The Road to Becoming a Payment Institution

The European Payment Services Directive (PSD) became a reality for CQR UK in November 2009 when we gained authorisation from the Financial Services Authority (FSA) to operate as a payment institution (PI).

CQR UK’s seven years’ experience of data processing services already included authorisation, capture and settlement services, as well as cash management, risk management, and fraud prevention and verification services, so the step to become a PI seemed a natural fit.

One of the aims of the PSD, as envisioned by the European Commission (EC), is to increase competition through the introduction of PIs and hopefully provide opportunities for the new players to not only share business with the existing industry, but also to innovate new payment methods and services.

That is why a copious amount of blood, sweat and tears went into our understanding of the new directive and the FSA’s approach to those regulations – although finding out that ‘maximum harmonisation’ allowed for EU countries to interpret nationally over 20 variations – or the official term of derogations – did have us questioning our sanity at times. CQR had many different versions of contracts and processes over time, as our understanding and confidence in the business grew.

In my role as head of compliance and operational risk, everyone who would listen heard me talk about ongoing compliance and reporting obligations. There was danger of ‘death by PowerPoint’, as the business discussed anti-money laundering (AML), treating customers fairly, safeguarding, framework contracts, one-leg-out transactions and information requirements as set out by the various titles within the PSD.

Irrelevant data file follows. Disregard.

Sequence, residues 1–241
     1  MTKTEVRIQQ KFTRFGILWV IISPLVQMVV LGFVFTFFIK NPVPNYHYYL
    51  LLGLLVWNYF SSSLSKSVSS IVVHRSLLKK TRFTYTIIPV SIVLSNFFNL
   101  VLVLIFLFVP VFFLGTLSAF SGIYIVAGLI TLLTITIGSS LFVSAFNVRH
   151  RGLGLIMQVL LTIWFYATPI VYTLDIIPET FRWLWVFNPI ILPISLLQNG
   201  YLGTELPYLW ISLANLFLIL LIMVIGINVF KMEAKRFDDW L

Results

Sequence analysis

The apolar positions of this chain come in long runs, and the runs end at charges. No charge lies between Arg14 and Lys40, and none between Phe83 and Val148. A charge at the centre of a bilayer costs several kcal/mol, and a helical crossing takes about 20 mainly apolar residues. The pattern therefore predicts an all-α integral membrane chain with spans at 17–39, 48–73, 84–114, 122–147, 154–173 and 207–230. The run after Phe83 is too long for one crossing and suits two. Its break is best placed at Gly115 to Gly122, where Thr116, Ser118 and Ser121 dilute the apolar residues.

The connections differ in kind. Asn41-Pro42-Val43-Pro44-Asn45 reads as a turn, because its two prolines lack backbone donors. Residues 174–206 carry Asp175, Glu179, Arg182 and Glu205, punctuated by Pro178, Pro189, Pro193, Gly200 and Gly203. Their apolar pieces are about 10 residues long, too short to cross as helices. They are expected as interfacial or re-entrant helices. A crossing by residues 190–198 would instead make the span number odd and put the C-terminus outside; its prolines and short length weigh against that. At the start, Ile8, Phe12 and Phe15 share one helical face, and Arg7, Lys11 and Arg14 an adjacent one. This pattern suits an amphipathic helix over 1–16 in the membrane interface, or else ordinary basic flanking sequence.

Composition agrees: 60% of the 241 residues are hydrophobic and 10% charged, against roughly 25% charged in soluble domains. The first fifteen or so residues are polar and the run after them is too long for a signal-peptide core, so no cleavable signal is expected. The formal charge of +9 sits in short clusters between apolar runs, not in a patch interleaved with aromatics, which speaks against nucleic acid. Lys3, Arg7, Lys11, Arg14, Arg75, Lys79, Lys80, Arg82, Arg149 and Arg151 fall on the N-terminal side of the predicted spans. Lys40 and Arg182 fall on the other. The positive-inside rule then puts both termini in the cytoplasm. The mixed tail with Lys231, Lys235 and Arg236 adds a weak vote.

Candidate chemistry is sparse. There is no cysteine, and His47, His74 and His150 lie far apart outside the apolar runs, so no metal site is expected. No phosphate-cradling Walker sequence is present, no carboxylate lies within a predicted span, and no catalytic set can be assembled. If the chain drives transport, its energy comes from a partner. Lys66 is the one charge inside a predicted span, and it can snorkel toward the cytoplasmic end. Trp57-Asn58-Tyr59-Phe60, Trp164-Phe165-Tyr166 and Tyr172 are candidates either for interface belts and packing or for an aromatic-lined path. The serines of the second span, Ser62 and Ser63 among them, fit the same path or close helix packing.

Payment services providers have to look at a number of risks, such as credit, liquidity and operational risks, as well as fraud and AML, all of which required us to ensure we had good quality people that were knowledgeable in their chosen field. Specific management oversight policy had to include a robust management structure to support the ongoing development of CQR that included a minimum of five years of senior management experience in the payment processing industry.

Developing a Clear Strategy

In today’s IT-driven business environment, with its increasing complexity, a clear vision and strategy was necessary to ensure the desired service levels, especially when outsourcing services to partners. To enable CQR employees and service partners to understand our goals and thus develop and run the services at the highest possible quality, an IT strategy was developed and published.

Having the PI licence and to gain sufficient payment processing volumes across Europe needed a marketing and sales strategy, so plans for country and industry merchant expansion were developed, as were dates for exhibitions, conferences and trade fairs. The profile of the business from a consumer or merchant perspective is important, and it was necessary to evaluate our internet marketing and public relations behaviour.